Idle Temperature And Noise
Two years ago, when Nvidia led off with its Fermi-based GeForce GTX 480, the company was chided for egregious power consumption and correspondingly bad thermal output. Subsequently, it seemed to put more effort into augmenting its cooling solutions. The GeForce GTX 580 seemed to be the culmination of those improvements, enabling a single-GPU flagship that didn’t need to make its presence known.
A handful of engineering emphases, plus the benefits of 28 nm manufacturing, pay off here. The GeForce GTX 680 is quieter than any other high-end card at idle. And it doesn’t seem to require much airflow to stay cool; only the GeForce GTX 590 manages to hit a lower temperature after 10 minutes on the Windows desktop.
Load Temperature And Noise
More telling than idle performance, however, is a graphics card’s behavior under load. This is where the GeForce GTX 680 really impresses, achieving the lowest acoustic measurement in the bunch.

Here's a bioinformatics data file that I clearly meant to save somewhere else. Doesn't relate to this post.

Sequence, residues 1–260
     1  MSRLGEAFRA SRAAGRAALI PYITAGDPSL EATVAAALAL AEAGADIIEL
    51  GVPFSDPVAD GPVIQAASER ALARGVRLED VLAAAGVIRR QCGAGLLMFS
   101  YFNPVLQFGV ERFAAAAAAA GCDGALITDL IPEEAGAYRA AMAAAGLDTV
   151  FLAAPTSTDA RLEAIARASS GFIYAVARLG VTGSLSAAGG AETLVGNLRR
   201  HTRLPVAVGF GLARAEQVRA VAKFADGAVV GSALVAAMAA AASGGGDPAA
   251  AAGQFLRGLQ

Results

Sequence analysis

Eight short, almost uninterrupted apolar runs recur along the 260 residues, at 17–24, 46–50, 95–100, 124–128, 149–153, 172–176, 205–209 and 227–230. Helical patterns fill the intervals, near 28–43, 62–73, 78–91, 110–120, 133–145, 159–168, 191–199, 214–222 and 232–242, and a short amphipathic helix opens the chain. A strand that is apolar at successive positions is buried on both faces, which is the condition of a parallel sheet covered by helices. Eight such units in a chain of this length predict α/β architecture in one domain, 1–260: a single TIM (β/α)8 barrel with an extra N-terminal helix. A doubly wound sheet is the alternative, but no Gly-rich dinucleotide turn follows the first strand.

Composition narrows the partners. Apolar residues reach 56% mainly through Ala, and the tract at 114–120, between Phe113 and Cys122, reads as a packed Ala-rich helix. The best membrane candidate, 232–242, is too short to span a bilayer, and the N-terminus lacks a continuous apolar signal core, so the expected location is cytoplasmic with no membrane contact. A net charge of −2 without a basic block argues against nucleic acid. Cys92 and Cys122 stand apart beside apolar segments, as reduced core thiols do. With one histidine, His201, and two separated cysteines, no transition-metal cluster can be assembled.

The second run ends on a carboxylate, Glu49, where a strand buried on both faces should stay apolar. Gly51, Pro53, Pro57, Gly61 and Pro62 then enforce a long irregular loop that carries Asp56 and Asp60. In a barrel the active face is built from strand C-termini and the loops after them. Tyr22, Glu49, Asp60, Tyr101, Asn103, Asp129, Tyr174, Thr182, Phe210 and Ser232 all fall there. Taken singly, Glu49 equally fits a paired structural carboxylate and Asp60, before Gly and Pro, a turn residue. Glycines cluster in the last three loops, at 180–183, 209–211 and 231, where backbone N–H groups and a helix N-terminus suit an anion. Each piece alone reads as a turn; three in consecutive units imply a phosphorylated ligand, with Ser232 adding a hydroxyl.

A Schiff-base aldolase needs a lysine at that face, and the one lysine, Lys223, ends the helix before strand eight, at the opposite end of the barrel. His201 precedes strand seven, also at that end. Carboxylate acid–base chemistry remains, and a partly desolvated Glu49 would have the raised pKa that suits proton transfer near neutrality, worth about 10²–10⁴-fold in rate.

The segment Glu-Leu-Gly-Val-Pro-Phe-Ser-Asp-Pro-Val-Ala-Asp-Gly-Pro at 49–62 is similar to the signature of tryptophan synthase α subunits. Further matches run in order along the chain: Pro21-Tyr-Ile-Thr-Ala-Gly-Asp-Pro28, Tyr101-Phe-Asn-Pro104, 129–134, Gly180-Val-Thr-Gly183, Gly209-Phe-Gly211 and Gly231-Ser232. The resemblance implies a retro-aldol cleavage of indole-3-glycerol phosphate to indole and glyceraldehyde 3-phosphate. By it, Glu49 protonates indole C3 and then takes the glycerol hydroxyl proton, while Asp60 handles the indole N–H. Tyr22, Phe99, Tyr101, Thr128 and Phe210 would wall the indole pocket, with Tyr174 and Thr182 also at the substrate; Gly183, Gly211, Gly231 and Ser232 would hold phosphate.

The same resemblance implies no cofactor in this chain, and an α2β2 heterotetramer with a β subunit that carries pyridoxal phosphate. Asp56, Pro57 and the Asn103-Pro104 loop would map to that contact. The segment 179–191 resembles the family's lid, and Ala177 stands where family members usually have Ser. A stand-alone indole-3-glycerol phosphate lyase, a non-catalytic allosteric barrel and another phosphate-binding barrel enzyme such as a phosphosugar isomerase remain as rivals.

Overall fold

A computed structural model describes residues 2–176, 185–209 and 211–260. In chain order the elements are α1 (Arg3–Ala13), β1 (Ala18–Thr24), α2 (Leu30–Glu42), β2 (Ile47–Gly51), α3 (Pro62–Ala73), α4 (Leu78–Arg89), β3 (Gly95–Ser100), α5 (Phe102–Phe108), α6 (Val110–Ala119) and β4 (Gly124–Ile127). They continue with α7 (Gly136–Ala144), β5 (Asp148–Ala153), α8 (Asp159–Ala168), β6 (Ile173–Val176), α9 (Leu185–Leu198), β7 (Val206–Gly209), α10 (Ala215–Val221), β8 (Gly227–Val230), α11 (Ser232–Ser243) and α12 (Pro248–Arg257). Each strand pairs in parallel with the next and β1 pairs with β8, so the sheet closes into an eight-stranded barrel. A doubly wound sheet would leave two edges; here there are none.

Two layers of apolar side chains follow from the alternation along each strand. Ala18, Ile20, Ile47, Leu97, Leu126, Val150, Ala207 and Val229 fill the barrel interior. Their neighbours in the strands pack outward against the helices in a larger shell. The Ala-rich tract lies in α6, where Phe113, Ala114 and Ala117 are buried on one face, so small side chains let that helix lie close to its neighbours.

And although it remains quiet, the card’s cooler doesn’t allow temperatures to get out of control. AMD’s Radeon HD 7970 and 7950 both turn in lower thermal readings. However, the GTX 680 does outperform Nvidia’s other two tested cards.
- GeForce GTX 680: The Card And Cooling
- GK104: The Chip And Architecture
- GPU Boost: Graphics Afterburners
- Overclocking: I Want More Than GPU Boost
- PCI Express 3.0 And Adaptive V-Sync
- Hardware Setup And Benchmarks
- Benchmark Results: 3DMark 11 (DX 11)
- Benchmark Results: Battlefield 3 (DX 11)
- Benchmark Results: Crysis 2 (DX 9/DX 11)
- Benchmark Results: The Elder Scrolls V: Skyrim (DX 9)
- Benchmark Results: DiRT 3 (DX 11)
- Benchmark Results: World Of Warcraft: Cataclysm (DX 11)
- Benchmark Results: Metro 2033 (DX 11)
- Benchmark Results: Sandra 2012
- Benchmark Results: Compute Performance In LuxMark 2.0
- Benchmark Results: NVEnc And MediaEspresso 6.5
- Temperature And Noise
- Power Consumption
- Performance Per Watt: The Index
- GeForce GTX 680: The Hunter Scores A Kill